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Jarvis was born on March 9, 1966. She had been missing since early 1980, around the time she turned 14. By the time she reached Huntsville, she might have been feeling streetwise, an experienced hitchhiker who’d learned how to get across the country on her own.

After Jarvis was identified, her family sent in a written statement to Walker County.

They explained she had been taken by authorities in Forest Lake, a suburb of Minneapolis near Stillwater, for chronic truancy from school. She was in foster care against her will, and perhaps against the wishes of her family.

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Source: Unsplash

Her parents are deceased, but other family members thanked the authorities for never giving up on finding her identity.

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Being placed into a home did little to stop Sherri’s desire for freedom, as she left the confines shortly after being placed. She survived for seven or eight months, but although the mystery of her identity is solved, it is still unknown why she was planning to visit a prison in Texas, and her killer’s identity remains a mystery.

One witness who saw her just before she accepted her last ride said she was carrying her high-heeled, red sandals. She wore blue jeans and a yellow pullover. They asked if her parents knew where she was and she replied, “Who cares?” according to Newser.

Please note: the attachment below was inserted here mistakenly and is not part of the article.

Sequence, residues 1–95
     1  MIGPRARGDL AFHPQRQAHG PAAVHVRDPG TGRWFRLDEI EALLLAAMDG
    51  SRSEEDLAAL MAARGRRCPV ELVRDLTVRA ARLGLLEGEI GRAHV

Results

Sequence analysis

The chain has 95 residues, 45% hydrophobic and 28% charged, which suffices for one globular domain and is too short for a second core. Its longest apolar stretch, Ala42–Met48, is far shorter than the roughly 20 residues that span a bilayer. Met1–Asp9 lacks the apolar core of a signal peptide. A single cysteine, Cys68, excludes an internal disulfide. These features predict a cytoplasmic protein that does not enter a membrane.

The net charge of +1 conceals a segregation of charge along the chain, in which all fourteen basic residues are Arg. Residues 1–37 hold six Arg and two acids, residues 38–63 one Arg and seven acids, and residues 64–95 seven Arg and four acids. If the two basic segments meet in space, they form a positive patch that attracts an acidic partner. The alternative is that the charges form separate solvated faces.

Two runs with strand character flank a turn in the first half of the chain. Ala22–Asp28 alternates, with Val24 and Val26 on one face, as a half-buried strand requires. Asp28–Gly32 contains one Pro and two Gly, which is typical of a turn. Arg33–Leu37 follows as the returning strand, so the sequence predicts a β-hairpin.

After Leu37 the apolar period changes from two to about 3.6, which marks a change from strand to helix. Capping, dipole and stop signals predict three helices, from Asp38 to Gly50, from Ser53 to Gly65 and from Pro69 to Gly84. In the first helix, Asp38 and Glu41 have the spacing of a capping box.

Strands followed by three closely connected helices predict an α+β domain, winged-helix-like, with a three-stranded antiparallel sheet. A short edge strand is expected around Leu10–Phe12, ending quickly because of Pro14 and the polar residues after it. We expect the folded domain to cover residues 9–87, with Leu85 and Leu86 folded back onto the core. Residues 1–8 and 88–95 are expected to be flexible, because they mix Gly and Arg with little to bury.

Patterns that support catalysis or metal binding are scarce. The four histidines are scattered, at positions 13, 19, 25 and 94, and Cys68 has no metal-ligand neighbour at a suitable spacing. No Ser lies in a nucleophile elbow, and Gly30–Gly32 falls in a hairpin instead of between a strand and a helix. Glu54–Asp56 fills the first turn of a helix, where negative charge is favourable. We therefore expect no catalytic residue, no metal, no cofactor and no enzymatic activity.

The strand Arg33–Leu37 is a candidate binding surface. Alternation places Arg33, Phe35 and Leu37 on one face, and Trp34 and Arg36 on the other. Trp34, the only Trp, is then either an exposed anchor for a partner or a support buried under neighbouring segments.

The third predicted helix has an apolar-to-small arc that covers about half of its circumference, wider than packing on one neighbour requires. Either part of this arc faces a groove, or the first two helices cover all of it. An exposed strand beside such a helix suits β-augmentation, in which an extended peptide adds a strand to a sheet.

Jarvis came from a middle-class home and grinned brightly in her school photos. She wore a white sweater, a necklace, and a genuine smile. But some bump in the road, some glitch in her life, made her run far from home.

Her case file described her as 5-feet-6-inches, weighing between 105 and 120 pounds. She was murdered around 3 a.m., according to Caller Times.

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Why was she on the road? It may have been a hatred of school or a problem at home. She might have been angry about receiving a brutal punishment for skipping school — being tossed out of her home. She might, too, have been feeling confident she could make it on her own.

Her family hired private investigators in an effort to locate Jarvis. They attempted to follow up on the slim lead, a letter sent out of Denver but were unable to locate any trace of her.

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Followers of the case wonder why a happy, smiling girl on the verge of young adulthood would travel across the country, especially since her purpose for reaching Ellis remains a mystery. The FBI has ruled out the possibility she was visiting a relative at the prison.

Walker County detectives are working on solving her murder, over four decades later, now that the victim is known. They are using victimology and proximity to chase down leads, reviewing related cold cases with similar victims in the same area.

There are plenty to choose from along I-45.